Foster ‘tried to delay cost controls for constituent’

The chairman of the Renewable Heat Incentive (RHI) inquiry Sir Patrick Coghlin

The public inquiry into the RHI scandal has heard a series of bombshell revelations or allegations about civil servants, Northern Ireland’s former first minister and powerful DUP special advisers.

The probe into the supposedly green energy scheme which incentivised boiler owners to keep their boilers running heard that one company was literally promoting the scheme in its marketing leaflets as “cash for ash”.

Counsel for the inquiry, David Scoffield QC, said that another boiler company had realised within four weeks of the scheme’s launch in 2012 that it was lucrative to install multiple smaller boilers to get a high tariff and run them for long periods of time to make a significant profit.

It was stressed that both companies were merely aggressively pointing out the nature of a government scheme which people were being urged to join.

But Mr Scoffield said that a key question for the inquiry would be why it took another three and a half years for civil servants – at the point where they were desperately attempting to close the out-of-control scheme – to realise the perverse incentive at the heart of their scheme.

Yesterday, on the third day of the public inquiry chaired by retired judge Sir Patrick Coghlin, Mr Scoffield revealed that former first minister Arlene Foster, who as enterprise minister set up the scheme without the cost controls in the GB scheme, had attempted to delay the belated introduction of those cost controls three years later on behalf of a constituent.

The inquiry was also told that Andrew Crawford, then Mrs Foster’s special adviser, passed sensitive departmental information about the looming cost controls to family members who were either current or prospective RHI claimants.

The inquiry was also told of allegations – which in one case are strongly denied – that some DUP Spads worked to delay the introduction of cost controls and in one case erroneously believed that overspending on the scheme could be to Northern Ireland’s “advantage”.

The inquiry was told that Andrew McCormick, the permanent secretary of Mrs Foster’s old department, had said in written evidence that he had been phoned by Timothy Cairns, who was the DUP special adviser to Mrs Foster’s successor as enterprise minister, Jonathan Bell, on November 13, 2015 – days before the planned Assembly debate on the introduction of cost controls.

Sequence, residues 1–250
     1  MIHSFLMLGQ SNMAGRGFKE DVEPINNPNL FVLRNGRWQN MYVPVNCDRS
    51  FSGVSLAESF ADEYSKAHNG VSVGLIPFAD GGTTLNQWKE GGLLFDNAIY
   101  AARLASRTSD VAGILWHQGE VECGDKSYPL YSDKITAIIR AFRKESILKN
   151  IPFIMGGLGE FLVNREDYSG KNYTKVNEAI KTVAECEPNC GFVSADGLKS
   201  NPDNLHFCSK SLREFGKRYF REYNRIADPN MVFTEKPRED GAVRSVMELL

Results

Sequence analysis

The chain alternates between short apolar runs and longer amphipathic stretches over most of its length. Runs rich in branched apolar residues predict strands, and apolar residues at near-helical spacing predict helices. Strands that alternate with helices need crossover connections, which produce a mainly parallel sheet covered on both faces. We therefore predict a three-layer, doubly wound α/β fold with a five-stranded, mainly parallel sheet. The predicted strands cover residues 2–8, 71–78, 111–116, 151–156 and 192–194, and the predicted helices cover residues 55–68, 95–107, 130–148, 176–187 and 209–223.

Mr Scoffield said that, according to the senior civil servant’s evidence, Mr Cairns “asked if it would be possible for the debate on the reduction in the tariff to be delayed by a week or so. Dr McCormick’s recollection of the conversation is that Mr Cairns referred to a concern that not enough businesses in Fermanagh had been able to apply.

“He certainly feels, he says, there was a reference to Fermanagh and ... that the call was on behalf of Arlene Foster.”

The inquiry was told that Mr Cairns later told Dr McCormick that Mrs Foster “had raised the issue on behalf of a constituent who had six biomass boilers that were not yet ready to meet the conditions for accreditation under the scheme”.

The inquiry was told that from Mrs Foster’s evidence she accepts that she inquired about the possibility of delaying cost controls at that point on behalf of the constituent, who was a salesman for Hegan Biomass, which installed boilers – but that once she was told about the huge public spending implications such a move would have had, she immediately dropped the request.

Mr Scoffield said: “Mrs Foster told us that following a phone conversation with a constituent, a Mr Steven Harron ... she phoned Mr Cairns and inquired about the possibility of ‘moving back by about a week or so the introduction of the tiered tariffs” but that after being briefed about the cost implications she accepted that the amendments to the regulations should proceed.”

Mr Scoffield said that the inquiry had sought further information on the situation from both Mr Cairns and from the DUP leader.

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